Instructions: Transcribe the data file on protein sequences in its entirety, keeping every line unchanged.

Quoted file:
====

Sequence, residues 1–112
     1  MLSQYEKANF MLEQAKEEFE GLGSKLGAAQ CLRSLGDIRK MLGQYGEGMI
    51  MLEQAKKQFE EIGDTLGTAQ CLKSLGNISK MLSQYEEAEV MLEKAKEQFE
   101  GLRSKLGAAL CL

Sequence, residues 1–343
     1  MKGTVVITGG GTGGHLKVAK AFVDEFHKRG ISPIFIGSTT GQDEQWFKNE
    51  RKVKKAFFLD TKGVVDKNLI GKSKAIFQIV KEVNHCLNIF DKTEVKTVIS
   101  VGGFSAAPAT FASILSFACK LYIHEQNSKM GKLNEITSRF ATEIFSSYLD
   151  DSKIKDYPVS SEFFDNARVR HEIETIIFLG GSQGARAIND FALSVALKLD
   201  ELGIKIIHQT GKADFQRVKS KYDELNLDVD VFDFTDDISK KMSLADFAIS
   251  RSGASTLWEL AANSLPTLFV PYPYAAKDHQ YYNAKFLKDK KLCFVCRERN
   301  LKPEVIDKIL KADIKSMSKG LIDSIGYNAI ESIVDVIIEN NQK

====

Sequence, residues 1–112
     1  MLSQYEKANF MLEQAKEEFE GLGSKLGAAQ CLRSLGDIRK MLGQYGEGMI
    51  MLEQAKKQFE EIGDTLGTAQ CLKSLGNISK MLSQYEEAEV MLEKAKEQFE
   101  GLRSKLGAAL CL

Sequence, residues 1–343
     1  MKGTVVITGG GTGGHLKVAK AFVDEFHKRG ISPIFIGSTT GQDEQWFKNE
    51  RKVKKAFFLD TKGVVDKNLI GKSKAIFQIV KEVNHCLNIF DKTEVKTVIS
   101  VGGFSAAPAT FASILSFACK LYIHEQNSKM GKLNEITSRF ATEIFSSYLD
   151  DSKIKDYPVS SEFFDNARVR HEIETIIFLG GSQGARAIND FALSVALKLD
   201  ELGIKIIHQT GKADFQRVKS KYDELNLDVD VFDFTDDISK KMSLADFAIS
   251  RSGASTLWEL AANSLPTLFV PYPYAAKDHQ YYNAKFLKDK KLCFVCRERN
   301  LKPEVIDKIL KADIKSMSKG LIDSIGYNAI ESIVDVIIEN NQK